The Duppy Share Rum is a Caribbean golden rum, a blend of rum from two islands: Jamaica and Barbados. It was created by the Westbourne Drinks Co, founded by George Frost and Jessica Swinfen, and was first released in summer 2014.
If you don’t know this rum you will, most likely, have heard of the two component rum distilleries. The Barbados rum is from Foursquare Distillery whilst the Jamaican Rum comes from Worthy Park. The Worthy Park estate has been has been a working sugar estate since 1720 with the first rum being produced in 1741. A new distillery was completed in 2005. The estate still grows all their own sugar cane. The rum is made from molasses, double distilled in a Forsyth’s copper pot still and aged in old white oak casks. Foursquare is owned by the Seale family who are responsible for famous Bajan rum brands such as Foursquare, Doorlys and R L Seales Rums, all produced under the supervision of fourth-generation distiller Richard Seale. The rum from Foursquare is distilled in a combination of pot and continuous stills and is aged in ex-Bourbon barrels. The Worthy Park component is 3 years old whilst the Foursquare part of the blend is a 5 year old rum. The Jamaican rum brings tropical, fruity character with hints of spicy, banana bread to the blend whilst the Bajan rum brings smooth caramel and oaky notes. The rums are blended in the Netherlands and bottled in London. It is presented in a eye-catching apothecary-type bottle with a colourful Art Deco, travel poster inspired label.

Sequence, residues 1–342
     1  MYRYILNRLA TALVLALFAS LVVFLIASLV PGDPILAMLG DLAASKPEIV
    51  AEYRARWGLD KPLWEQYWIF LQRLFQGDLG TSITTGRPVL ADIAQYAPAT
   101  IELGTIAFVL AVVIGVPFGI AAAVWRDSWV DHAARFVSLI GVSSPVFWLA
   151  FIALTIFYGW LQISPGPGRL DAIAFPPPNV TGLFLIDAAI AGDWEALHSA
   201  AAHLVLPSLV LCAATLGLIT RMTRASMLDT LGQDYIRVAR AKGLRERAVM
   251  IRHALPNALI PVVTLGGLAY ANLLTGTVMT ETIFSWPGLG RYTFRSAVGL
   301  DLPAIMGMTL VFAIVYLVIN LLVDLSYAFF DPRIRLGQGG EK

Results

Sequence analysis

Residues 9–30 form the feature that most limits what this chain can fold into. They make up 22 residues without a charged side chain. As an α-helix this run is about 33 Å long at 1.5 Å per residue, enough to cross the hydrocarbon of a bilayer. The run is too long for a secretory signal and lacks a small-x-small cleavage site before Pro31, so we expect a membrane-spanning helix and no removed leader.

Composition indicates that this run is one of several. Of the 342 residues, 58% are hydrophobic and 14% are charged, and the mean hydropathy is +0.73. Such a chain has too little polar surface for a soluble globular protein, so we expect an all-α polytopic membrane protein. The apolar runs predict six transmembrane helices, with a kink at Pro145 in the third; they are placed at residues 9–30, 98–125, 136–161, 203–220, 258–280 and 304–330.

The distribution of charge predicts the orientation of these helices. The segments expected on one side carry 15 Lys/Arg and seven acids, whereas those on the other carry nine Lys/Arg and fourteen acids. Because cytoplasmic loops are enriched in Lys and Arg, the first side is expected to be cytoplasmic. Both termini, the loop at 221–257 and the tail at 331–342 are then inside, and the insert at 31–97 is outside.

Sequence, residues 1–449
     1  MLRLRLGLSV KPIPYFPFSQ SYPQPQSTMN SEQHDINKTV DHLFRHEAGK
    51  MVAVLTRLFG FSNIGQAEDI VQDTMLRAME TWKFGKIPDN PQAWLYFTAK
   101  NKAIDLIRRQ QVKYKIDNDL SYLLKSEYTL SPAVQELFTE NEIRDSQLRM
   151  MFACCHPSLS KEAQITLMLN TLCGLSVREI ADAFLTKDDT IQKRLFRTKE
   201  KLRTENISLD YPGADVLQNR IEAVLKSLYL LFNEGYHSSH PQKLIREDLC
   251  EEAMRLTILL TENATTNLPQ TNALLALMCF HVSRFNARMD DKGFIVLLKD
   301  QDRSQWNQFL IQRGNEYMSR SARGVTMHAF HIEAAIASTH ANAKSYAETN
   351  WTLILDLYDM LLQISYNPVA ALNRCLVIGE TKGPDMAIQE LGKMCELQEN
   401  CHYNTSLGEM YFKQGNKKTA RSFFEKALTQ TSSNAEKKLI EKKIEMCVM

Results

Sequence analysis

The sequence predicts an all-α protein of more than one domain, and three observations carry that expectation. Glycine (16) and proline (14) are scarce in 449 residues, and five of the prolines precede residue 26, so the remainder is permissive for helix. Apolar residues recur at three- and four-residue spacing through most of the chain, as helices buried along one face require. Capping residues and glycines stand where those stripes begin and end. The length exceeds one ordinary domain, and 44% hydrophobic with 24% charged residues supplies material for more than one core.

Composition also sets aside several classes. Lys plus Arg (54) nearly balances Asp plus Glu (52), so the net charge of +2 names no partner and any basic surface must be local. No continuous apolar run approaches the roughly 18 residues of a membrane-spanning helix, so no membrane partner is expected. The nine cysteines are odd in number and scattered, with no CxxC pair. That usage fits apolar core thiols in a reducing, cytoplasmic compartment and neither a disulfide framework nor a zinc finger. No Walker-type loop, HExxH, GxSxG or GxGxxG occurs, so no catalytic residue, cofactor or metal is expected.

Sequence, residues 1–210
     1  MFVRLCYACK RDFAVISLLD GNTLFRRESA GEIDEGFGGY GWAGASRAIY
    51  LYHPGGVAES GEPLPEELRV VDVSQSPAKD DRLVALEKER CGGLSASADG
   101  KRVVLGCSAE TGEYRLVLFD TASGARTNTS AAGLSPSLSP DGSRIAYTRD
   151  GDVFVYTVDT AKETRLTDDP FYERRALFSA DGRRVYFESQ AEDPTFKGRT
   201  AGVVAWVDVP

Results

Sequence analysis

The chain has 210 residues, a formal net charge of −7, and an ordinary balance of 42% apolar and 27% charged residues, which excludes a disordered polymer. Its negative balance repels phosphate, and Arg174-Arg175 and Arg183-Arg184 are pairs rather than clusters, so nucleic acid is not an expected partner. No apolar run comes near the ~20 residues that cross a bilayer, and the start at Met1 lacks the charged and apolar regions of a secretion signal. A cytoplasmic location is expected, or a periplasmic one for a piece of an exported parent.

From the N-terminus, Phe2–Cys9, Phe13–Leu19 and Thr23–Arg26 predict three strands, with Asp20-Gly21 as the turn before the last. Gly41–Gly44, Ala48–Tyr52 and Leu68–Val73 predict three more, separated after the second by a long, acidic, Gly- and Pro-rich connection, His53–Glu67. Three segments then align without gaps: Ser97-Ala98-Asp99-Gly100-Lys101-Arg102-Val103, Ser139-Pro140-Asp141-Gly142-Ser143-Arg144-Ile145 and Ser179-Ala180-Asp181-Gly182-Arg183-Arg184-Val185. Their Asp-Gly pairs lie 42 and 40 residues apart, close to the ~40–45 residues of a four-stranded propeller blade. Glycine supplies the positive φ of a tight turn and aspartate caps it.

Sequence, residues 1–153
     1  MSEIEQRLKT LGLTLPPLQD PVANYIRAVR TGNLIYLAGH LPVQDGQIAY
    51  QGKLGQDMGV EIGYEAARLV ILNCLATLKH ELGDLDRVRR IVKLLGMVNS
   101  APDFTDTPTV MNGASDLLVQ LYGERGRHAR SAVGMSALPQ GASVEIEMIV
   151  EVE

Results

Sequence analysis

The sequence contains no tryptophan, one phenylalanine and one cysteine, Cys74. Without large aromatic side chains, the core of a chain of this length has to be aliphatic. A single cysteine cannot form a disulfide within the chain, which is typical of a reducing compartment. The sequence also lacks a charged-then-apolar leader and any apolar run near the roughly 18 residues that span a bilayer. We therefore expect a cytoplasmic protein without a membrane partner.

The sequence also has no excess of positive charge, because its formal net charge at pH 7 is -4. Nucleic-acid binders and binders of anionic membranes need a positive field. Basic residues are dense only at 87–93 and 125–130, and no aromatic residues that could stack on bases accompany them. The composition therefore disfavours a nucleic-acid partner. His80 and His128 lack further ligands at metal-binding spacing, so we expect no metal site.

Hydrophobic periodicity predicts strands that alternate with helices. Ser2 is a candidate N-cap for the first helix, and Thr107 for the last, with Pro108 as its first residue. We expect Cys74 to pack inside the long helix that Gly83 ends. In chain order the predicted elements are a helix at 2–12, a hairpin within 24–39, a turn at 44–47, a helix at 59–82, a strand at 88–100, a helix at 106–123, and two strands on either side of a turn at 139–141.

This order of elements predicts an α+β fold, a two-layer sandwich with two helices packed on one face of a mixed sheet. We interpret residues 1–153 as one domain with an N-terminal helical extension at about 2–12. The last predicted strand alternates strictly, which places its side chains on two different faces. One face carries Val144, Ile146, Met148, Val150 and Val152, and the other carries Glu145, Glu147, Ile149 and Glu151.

The rum takes its name from the Caribbean folklore of the Duppy. In Caribbean culture the Duppy is a spirit or ghost, a rather malevolent, a dark spirit creature who resides in the roots of Cotton trees. Legend has it that the Duppies go out on the prowl at night seeking rum quietly ageing away in oak barrels and help themselves to only the best parts of the rum, hence the Duppy Share. A nice story to explain the loss of volume of rum due to evaporation during ageing, even if it sounds a little darker than the “Angel’s Share” that describes the same process in whisky maturation.